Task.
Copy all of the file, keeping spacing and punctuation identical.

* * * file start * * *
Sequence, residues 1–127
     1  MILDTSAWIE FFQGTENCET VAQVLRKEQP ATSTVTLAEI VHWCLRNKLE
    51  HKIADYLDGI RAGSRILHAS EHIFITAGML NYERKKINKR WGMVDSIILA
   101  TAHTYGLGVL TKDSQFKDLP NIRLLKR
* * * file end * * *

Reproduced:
Sequence, residues 1–127
     1  MILDTSAWIE FFQGTENCET VAQVLRKEQP ATSTVTLAEI VHWCLRNKLE
    51  HKIADYLDGI RAGSRILHAS EHIFITAGML NYERKKINKR WGMVDSIILA
   101  TAHTYGLGVL TKDSQFKDLP NIRLLKR